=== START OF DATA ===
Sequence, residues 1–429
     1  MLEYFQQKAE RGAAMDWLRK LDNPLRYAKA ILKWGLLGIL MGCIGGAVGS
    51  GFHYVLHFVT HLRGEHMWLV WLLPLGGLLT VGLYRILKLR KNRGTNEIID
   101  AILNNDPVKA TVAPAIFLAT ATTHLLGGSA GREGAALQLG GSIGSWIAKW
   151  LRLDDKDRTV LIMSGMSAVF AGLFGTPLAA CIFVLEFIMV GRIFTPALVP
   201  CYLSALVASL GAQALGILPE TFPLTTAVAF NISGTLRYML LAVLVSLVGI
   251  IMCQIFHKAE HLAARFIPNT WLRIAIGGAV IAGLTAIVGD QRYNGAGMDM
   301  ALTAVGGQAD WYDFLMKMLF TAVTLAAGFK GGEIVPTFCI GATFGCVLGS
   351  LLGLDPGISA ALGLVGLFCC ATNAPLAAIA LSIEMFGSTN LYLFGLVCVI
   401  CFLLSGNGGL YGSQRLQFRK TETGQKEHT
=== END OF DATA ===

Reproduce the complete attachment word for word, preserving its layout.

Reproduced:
Sequence, residues 1–429
     1  MLEYFQQKAE RGAAMDWLRK LDNPLRYAKA ILKWGLLGIL MGCIGGAVGS
    51  GFHYVLHFVT HLRGEHMWLV WLLPLGGLLT VGLYRILKLR KNRGTNEIID
   101  AILNNDPVKA TVAPAIFLAT ATTHLLGGSA GREGAALQLG GSIGSWIAKW
   151  LRLDDKDRTV LIMSGMSAVF AGLFGTPLAA CIFVLEFIMV GRIFTPALVP
   201  CYLSALVASL GAQALGILPE TFPLTTAVAF NISGTLRYML LAVLVSLVGI
   251  IMCQIFHKAE HLAARFIPNT WLRIAIGGAV IAGLTAIVGD QRYNGAGMDM
   301  ALTAVGGQAD WYDFLMKMLF TAVTLAAGFK GGEIVPTFCI GATFGCVLGS
   351  LLGLDPGISA ALGLVGLFCC ATNAPLAAIA LSIEMFGSTN LYLFGLVCVI
   401  CFLLSGNGGL YGSQRLQFRK TETGQKEHT